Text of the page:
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Developing new models for prevention or treatment of cancer v1

  • Research type

    Research Study

  • Full title

    Development and Application of Ex Vivo Assays to Assess Efficacy Biomarkers in the Prevention and Treatment of Cancer

  • IRAS ID

    160769

  • Contact name

    Wendy Gamble

  • Contact email

    uolsponsor@le.ac.uk

  • Sponsor organisation

    University of Leicester

  • Duration of Study in the UK

    2 years, 11 months, 31 days

  • Research summary

    The results of treatment for advanced cancer remain disappointing despite several advances that have been made over the last 10-20 years. The field of cancer prevention (chemoprevention) uses low toxicity drugs which may help to prevent, delay or reverse the development of cancer, particularly in high risk populations. The ultimate aim for chemoprevention strategies is to reduce the cancer burden in the population and thereby significantly reduce the cost and toxicity associated with treating advanced disease.
    Development of chemopreventive and therapeutic agents is significantly hampered by the lack of suitable models which can be used to identify the most promising agents to take forward into clinical trials. Much of the work investigating potential drugs, is undertaken using established cell lines which bear little resemblance to the tumour, which consists of lots of different types of cells that all interact with each other. These interactions are recognised to play an essential role in how a tumour grows, and also in how it responds to treatment.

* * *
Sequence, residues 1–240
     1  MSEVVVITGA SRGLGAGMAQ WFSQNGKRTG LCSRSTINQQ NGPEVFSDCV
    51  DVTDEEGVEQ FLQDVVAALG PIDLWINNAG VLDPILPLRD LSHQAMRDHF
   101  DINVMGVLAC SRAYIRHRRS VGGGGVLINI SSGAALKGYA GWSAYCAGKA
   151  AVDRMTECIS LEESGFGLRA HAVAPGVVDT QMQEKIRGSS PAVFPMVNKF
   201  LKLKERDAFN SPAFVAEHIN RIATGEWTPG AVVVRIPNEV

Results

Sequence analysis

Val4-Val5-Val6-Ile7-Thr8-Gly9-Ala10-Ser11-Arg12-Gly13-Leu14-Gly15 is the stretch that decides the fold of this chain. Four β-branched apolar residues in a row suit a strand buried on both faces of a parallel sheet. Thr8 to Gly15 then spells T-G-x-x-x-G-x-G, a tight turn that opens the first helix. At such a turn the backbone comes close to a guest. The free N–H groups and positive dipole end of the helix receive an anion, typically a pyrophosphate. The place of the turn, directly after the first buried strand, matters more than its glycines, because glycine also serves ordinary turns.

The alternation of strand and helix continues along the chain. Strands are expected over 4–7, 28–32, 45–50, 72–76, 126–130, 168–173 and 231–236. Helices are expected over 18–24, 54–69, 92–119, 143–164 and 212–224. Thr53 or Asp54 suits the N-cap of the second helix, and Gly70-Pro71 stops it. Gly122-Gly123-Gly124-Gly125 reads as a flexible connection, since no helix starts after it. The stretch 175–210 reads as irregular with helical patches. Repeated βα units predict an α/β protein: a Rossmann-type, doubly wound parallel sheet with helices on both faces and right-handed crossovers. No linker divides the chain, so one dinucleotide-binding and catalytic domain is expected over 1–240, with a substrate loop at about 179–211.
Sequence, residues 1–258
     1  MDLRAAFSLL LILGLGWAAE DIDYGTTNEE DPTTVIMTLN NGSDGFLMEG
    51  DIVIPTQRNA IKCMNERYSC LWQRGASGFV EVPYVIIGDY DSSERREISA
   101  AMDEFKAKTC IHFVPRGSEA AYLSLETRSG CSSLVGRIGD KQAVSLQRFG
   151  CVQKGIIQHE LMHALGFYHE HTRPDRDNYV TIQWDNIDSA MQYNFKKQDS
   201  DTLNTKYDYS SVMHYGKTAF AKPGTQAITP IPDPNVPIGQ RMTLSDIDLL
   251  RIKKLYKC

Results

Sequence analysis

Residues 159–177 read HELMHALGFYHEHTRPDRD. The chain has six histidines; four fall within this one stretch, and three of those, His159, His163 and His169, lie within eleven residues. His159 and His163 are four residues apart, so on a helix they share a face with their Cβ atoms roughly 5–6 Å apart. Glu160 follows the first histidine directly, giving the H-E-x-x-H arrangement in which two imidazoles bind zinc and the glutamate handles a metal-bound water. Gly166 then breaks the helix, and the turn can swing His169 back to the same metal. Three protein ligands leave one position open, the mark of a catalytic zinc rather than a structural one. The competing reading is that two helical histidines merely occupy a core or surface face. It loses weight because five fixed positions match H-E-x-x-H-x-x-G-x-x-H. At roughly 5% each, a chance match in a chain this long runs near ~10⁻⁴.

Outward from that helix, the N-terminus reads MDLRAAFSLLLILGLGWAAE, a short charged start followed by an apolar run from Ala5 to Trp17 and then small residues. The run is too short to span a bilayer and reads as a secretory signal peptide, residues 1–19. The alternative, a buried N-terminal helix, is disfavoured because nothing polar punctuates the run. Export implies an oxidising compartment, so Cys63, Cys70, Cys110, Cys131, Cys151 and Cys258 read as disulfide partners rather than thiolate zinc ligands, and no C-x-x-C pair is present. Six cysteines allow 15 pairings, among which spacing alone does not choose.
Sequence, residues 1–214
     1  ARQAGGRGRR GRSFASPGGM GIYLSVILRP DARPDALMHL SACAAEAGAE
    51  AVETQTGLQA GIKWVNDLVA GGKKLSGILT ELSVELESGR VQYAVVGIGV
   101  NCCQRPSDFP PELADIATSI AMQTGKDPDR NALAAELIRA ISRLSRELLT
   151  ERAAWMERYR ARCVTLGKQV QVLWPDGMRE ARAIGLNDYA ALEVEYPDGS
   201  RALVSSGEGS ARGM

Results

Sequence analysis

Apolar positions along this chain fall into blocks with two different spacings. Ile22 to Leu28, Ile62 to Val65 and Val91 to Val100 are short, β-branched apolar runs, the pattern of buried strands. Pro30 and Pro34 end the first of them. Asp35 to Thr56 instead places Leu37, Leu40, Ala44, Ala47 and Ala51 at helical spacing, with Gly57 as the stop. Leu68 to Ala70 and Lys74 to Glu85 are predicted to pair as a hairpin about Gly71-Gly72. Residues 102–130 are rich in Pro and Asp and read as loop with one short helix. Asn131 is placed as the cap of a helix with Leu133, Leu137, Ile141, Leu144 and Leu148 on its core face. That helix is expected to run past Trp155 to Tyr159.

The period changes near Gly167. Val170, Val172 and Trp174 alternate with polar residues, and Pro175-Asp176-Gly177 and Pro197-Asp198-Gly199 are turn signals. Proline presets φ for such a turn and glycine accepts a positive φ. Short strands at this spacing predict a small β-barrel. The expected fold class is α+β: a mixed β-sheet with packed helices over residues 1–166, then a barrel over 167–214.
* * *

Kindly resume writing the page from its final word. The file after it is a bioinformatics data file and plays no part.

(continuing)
This study will use excess tissue derived from patients who are undergoing surgery for cancer, a pre-cancerous condition, or a condition which may increase cancer risk. In addition, a blood sample will be taken, in order that we can test whether markers present in the tissue may also be seen in blood.
    We will create more relevant model systems that will allow better representation of tissue architecture, in order that the effects of potential preventive and therapeutic drugs can be investigated. This will include use of very thin tissue slices in drug 'baths', sorting of cellular components to analyse effects of drugs on different cell types within a tumour, injection of tumour cells into immunocompromised mice and growth of 3-dimensional cell structures. Furthermore, we will assess potential tumour markers and DNA mutations detected in blood samples

  • REC name

    Wales REC 4

  • REC reference

    14/WA/1166

  • Date of REC Opinion

    23 Oct 2014

  • REC opinion

    Further Information Favourable Opinion